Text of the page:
Combined with the earlier announcement that Sevin Rosen Funds would be returning money to investors instead of putting it to work (and not raising a new fund), speculation has started that the traditional VC model is dead.
The argument goes:
1. Large amounts of capital are no longer needed to launch very successful start-ups. Joe Kraus famously opined that it only took $100K to start Jotspot, and $3MM to start Excite.com.
2. The IPO window doesn't exist today as it once did, thanks to Sarbanes-Oxley.
3. There's too much VC money chasing too few deals.
Fred Wilson disagrees with this view and correctly points out that people have been complaining about the too-much-money-too-few-deals for 25 years. He thinks VCs will just get leaner and meaner by (1) raising smaller funds, (2) going for $100 - $250MM exits, and (3) doing more M&A exits than IPOs.
However, Josh Kopelman of First Round thinks that CRV's announcement does portend of a major shift in the VC market. He points out that angel investing has better risk-adjusted returns over the last decade than any other stage of investing. Plus, a more conservative going-forward assumption would be average exits far south of $150MM. Therefore, there are likely to be more CRV-type announcement from "traditional" VCs over the coming years. Will they be able to do it well? That's less clear.
There are winners and losers from these confluence of trends.
- The bluest of "blue-chip" VCs. The Sequoias and KPCBs of the world shine brighter when the maddening crowd is rushing to chase the latest trend of VC investing. They've been there and done that time-and-again.
- Existing Angel Investors who have a track-record. When a space gets hot (i.e., angel investing), those who have been there for a while are the old wise men. Josh Kopelman, Jeff Clavier, and others will see a rise for their services even as others rush in. There will be a flight to quality.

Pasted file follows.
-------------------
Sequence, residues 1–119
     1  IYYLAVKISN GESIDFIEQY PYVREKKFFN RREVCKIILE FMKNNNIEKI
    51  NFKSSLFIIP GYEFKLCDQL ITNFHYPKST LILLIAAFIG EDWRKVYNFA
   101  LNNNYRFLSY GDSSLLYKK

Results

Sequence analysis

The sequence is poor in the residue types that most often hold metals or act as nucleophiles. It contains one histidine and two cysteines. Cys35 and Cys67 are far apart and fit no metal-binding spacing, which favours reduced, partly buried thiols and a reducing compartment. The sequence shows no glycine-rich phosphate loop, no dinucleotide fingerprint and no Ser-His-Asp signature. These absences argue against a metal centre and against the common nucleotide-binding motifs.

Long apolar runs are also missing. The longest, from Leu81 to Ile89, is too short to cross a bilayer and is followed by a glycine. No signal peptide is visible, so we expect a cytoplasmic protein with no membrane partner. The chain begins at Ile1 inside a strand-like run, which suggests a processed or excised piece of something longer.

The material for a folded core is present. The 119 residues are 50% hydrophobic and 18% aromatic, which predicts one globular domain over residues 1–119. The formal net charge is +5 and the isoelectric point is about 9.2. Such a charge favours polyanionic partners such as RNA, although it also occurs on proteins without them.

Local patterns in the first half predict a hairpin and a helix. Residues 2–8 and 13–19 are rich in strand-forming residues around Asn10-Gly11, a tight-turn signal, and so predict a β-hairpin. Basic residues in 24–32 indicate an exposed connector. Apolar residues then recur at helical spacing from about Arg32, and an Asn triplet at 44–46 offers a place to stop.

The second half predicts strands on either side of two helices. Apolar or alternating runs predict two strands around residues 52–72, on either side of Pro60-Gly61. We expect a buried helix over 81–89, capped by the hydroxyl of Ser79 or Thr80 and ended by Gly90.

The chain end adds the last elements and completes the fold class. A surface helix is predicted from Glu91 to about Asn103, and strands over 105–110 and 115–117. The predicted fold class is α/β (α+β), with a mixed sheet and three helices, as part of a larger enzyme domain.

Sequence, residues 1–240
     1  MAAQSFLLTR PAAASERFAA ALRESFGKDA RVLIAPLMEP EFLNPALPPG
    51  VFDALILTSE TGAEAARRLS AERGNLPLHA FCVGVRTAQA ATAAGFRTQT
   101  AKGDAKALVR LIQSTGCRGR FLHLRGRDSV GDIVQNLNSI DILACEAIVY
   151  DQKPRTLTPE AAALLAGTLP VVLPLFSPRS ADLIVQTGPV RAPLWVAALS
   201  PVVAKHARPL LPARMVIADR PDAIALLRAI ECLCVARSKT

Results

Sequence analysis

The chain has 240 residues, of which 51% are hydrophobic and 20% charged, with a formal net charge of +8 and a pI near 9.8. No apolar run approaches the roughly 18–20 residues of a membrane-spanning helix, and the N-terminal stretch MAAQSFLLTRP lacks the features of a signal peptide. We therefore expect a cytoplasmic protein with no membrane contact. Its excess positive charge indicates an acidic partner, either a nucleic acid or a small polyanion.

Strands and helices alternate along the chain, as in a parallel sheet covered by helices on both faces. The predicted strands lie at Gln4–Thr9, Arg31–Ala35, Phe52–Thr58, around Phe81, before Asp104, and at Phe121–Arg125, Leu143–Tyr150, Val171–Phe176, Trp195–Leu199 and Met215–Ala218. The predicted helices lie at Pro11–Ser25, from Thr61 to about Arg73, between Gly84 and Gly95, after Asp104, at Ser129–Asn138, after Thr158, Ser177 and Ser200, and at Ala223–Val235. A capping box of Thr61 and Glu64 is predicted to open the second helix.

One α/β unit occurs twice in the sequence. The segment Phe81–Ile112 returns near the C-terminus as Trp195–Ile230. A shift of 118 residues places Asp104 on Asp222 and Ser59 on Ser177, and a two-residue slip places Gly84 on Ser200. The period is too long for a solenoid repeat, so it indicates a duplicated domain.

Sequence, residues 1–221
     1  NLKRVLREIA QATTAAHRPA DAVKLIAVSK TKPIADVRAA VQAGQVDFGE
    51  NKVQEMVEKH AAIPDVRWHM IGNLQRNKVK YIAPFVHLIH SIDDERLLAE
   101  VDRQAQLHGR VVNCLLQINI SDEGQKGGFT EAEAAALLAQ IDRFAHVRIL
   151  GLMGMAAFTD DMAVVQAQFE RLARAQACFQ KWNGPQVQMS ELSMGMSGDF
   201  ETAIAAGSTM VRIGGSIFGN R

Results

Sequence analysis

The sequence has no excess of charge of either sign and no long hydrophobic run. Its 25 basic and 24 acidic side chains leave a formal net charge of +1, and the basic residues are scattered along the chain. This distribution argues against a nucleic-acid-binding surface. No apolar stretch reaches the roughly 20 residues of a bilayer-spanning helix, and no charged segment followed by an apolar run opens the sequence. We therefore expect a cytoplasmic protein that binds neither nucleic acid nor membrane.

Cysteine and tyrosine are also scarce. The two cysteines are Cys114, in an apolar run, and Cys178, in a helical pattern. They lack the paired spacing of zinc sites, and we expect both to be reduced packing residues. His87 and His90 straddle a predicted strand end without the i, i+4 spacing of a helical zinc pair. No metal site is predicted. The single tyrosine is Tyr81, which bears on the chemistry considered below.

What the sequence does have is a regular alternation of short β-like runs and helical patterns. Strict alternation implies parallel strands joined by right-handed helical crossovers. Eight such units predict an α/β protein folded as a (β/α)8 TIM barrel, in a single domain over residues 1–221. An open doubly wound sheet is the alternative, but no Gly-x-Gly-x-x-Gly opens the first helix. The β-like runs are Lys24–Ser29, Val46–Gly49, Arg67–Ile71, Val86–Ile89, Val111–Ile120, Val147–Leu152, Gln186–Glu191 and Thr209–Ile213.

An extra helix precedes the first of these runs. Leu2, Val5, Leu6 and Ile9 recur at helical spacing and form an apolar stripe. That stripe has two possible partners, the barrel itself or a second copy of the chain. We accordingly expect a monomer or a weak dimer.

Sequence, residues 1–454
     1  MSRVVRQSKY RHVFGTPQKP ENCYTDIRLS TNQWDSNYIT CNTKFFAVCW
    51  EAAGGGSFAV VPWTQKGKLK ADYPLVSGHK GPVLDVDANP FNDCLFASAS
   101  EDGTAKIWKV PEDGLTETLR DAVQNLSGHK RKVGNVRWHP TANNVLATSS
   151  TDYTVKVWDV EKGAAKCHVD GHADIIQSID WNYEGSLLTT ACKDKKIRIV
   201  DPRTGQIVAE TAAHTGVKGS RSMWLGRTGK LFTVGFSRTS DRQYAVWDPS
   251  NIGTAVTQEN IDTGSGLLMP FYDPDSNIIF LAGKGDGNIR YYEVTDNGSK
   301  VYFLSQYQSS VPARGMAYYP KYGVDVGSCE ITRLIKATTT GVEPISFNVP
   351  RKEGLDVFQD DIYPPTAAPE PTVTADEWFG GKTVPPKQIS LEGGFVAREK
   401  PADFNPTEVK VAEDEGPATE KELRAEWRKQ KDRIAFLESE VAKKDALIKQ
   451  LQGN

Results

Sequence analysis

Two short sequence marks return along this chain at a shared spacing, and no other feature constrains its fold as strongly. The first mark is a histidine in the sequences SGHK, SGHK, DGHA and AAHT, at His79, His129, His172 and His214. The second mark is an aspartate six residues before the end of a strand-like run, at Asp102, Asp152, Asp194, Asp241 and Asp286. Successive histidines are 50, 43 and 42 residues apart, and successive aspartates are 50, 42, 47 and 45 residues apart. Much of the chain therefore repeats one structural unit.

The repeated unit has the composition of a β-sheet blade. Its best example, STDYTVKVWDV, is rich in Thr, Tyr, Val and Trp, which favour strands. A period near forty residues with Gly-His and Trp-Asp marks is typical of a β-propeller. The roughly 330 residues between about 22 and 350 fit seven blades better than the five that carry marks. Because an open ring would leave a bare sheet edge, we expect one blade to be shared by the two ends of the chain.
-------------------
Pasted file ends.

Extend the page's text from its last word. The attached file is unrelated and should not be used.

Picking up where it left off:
- Traditional VCs who are able to make the leap and really differentiate from other angel investors. Although CRV is a great firm, their success is not guaranteed. They need dealflow; their GPs needs to be seen as credible by non-nascent entrepreneurs; and they really need to be able to deliver value to their investments (beyond the simple "we love to roll up our shirtsleeves alongside our investee companies" platitudes).
- 2nd and 3rd Time Entrepreneurs: They're even more sought after following this news than they were before. We are heading for a Hollywood-type star system where Bill Nguyen announces his idea for his next start-up at lunch and the deal is done by dinner.
- Stuck-in-the-middle VCs: Those VCs who do a little bit of angel investing and a little bit of traditional are likely to do neither well.
- Former Great VCs who don't adapt to changing times: Remember when Softbank was king of the hill? Hot VCs who have yet to reach the echelon of Sequoia and KPCB are not assured of long-term success. They are also likely to stick-to-what-they-(think-they-)know-best. Dangerous, when the rules of the game are changing
- Later-stage/Mezzanine Investors: They just got even less relevant.
These are interesting times. Enterpreneurs are more exposed than ever to demonstrate whether their ideas will succeed or not. The same goes for traditional VCs. May the truly value-added players win.Sphere: Related Content